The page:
Red-capped Robin, Glossy and Red-tailed Black Cockies, Black Falcons, Pl

To: "Birding Aus" <>
Subject: Red-capped Robin, Glossy and Red-tailed Black Cockies, Black Falcons, Plumheads
From: "Bill Jolly" <>
Date: Tue, 20 Apr 2004 10:36:58 +1000
Such a birdy day, yesterday!

Red-tailed Black Cockatoos were about in the morning, as they often are, and
a party of 30-40 Plum-headed Finches spent much of the day here, feeding in
the uncut grass and bathing in the rock pool, as they have been doing for a
few days.

But we had some unexpected visitors too. Two Glossy Black Cockatoos came by
in the afternoon - didn't stop, just passing through, and a female
Red-capped Robin materialised at the rock pool, the first of the red robins
to appear here in this new season. She stayed for a good bathe, much
appreciated by Trevor Ford who happened to be on the verandah with his
camera gear all set up and pointing at the right spot, having previously
been focused on the Plumheads.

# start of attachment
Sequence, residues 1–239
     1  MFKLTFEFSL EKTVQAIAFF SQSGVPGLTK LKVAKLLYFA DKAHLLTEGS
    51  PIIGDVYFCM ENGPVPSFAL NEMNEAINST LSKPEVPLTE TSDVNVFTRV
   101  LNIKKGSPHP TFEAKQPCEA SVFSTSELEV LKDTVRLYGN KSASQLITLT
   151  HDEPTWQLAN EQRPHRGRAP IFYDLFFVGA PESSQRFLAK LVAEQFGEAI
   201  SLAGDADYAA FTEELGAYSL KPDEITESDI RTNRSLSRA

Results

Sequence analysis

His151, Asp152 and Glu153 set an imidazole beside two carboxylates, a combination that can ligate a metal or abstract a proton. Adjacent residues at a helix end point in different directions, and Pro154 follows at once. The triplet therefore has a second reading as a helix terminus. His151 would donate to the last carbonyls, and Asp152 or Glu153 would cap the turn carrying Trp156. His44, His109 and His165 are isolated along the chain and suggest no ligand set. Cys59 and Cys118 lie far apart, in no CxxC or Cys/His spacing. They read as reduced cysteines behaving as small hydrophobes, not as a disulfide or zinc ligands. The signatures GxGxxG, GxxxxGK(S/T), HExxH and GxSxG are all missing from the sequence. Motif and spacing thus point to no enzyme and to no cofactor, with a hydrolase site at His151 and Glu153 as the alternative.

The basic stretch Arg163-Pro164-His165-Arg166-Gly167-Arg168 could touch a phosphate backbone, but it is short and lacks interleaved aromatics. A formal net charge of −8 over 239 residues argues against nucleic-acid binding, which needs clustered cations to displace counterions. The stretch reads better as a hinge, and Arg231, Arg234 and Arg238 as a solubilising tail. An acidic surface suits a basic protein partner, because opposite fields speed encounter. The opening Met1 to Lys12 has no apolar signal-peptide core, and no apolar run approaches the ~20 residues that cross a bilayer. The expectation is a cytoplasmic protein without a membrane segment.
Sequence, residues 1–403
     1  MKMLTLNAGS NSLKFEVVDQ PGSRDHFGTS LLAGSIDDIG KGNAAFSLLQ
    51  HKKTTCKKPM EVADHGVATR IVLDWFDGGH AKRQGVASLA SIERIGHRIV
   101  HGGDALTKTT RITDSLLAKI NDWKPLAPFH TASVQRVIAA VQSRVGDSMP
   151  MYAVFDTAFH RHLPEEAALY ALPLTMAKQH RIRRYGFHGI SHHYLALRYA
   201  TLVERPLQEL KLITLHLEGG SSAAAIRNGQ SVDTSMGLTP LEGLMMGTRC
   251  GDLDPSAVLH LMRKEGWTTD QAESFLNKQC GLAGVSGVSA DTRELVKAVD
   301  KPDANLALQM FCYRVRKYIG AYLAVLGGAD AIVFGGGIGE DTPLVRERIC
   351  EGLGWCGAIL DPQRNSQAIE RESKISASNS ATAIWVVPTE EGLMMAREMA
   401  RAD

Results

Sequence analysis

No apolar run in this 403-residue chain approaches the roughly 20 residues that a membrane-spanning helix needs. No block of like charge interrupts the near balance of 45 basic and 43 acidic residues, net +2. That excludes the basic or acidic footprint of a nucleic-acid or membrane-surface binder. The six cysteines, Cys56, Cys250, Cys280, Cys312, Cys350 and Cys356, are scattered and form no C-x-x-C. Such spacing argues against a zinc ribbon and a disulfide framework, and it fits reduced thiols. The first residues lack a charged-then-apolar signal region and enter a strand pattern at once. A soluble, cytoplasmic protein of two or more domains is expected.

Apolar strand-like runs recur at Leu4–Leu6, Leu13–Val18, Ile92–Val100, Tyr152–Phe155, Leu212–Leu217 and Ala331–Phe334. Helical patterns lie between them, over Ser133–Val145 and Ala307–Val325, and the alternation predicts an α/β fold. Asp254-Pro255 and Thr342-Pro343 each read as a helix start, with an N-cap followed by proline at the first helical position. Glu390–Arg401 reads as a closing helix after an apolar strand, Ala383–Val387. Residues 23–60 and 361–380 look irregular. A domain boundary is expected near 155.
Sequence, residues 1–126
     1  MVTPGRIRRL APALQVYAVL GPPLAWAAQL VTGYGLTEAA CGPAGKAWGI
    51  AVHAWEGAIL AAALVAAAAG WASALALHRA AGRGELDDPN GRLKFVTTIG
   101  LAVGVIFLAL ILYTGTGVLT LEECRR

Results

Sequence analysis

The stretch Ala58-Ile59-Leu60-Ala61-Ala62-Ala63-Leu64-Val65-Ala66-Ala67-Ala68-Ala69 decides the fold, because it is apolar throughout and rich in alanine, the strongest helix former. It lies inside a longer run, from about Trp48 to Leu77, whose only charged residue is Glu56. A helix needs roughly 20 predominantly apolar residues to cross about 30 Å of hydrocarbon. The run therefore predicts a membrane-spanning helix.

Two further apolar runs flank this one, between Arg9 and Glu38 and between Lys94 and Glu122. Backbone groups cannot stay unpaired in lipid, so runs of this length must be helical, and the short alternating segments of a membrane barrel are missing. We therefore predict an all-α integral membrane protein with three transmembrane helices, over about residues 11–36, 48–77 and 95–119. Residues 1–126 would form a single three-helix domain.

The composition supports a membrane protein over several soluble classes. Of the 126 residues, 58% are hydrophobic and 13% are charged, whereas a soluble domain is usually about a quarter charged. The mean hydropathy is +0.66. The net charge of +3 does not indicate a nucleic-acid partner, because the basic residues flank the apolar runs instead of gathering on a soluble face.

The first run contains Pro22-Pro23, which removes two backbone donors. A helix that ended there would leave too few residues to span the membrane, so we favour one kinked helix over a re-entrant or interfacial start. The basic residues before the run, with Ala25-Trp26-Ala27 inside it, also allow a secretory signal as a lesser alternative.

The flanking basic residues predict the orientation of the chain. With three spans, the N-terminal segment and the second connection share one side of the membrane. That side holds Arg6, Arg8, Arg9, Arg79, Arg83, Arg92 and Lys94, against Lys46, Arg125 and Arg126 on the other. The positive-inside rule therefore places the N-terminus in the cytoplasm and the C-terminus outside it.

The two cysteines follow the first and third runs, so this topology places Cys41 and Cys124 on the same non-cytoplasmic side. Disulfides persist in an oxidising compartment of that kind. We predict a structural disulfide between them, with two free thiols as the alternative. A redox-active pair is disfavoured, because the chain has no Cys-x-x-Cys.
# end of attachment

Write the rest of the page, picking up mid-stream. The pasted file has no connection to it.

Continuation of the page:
The highlight of a local trip around the valley on Saturday was a pair of
Black Falcons at Lake Dyer. Our first sight of them was as they stood
together on an exposed limb of a big dead tree. After a short and to the
point copulation, each wandered off in a different direction, havocing the
pigeons that live on the dam wall as they went.

Fan-tailed Cuckoos have been calling, and I've been seeing occasional
Bronze-cuckoos - Horsfield's, Shining and Little on Saturday. The Little
Bronze-cuckoo was in Redwood Park on the Toowoomba escarpment, where both
Spectacled and Black-faced Monarchs were lingering, along with Cicadabird
and Varied Triller.

Autumn is an enjoyable time of year hereabouts, as the birds rearrange
themselves around Australia and we enjoy the spin-off on gentle mornings
like this one. Grey Fantails have been turning up in numbers over the last
week or so, and are a very welcome, busy, addition to the garden.
Mistletoebirds are also particularly busy just now, darting around to
harvest the black berries on the weedy nightshades that I haven't tidied out
of the garden beds.

I have been watching two Speckled Warblers and two Variegated Fairywrens
drinking and dipping in and out of a bird bath as I write, but they have
just been dispersed by the dramatic arrival of a big and brassy male Golden
Whistler, who is now standing in resplendent sole occupation!

Bill Jolly

Lockyer Valley, Queensland.

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